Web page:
A NEW poll on the future of the monarchy saw almost half of Spaniards saying they would be in favour of abolishing the crown and making Spain a republic.
The survey, conducted by YouGov with a Spanish news website, asked more than 1,000 people from across the country if they were in favour of the monarchy or a republic. Those surveyed were also asked if they were in favour of a referendum to settle the issue.
It comes as a leading leftist and pro-republican politician called for a “very healthy” debate on making Spain a republic as the country marked the 40th anniversary of its Constitution.
The YouGov survey showed a total of 48 per cent of respondents said they were in favour of making Spain a republic.
Around 35 per cent said they were in favour of keeping the monarcy while 17 per cent were undecided.
Almost 60 per cent of 18 to 24 year olds supported a republic, compared to about 45 per cent of people aged over 55.
People in each of Spain’s greater regions (Nordeste, Levante, Sur, Centro, Noroeste and Norte) preferred a republic to the monarchy.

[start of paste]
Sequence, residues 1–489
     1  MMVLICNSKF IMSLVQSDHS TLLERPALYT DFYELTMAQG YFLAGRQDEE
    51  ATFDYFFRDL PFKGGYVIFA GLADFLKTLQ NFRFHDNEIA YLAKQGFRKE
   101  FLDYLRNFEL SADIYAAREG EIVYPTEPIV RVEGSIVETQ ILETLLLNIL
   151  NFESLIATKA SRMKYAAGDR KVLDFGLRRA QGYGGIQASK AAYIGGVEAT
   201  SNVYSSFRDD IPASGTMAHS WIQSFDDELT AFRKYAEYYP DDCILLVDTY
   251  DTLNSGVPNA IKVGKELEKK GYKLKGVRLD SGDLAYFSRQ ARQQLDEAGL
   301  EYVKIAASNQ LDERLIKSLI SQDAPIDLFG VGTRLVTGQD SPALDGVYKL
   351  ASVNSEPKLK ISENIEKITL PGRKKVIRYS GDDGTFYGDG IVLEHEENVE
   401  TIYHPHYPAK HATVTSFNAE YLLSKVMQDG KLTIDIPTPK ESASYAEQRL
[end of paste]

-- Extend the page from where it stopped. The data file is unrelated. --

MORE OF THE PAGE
The exception was the eastern Levante area, where monarchists outnumbered republicans by 43 per cent to 40 per cent.
When asked if a referendum should be called on the monarchy, more than 67.3 per cent of respondents said they would be in favour. Almost 22 per cent were against and almost 11 per cent were undecided.
It comes as Pablo Iglesias, leader of the leftist Podemos, said Spain should abolish its monarchy.
“In 2018, modern Spain does not need a head of state that is chosen by birth and identified with corruption and privilege,” he said.
Spain’s King Felipe defended the role of the monarchy in a speech marking Constitution Day on Thursday. It was “united” with democracy and freedom, he said.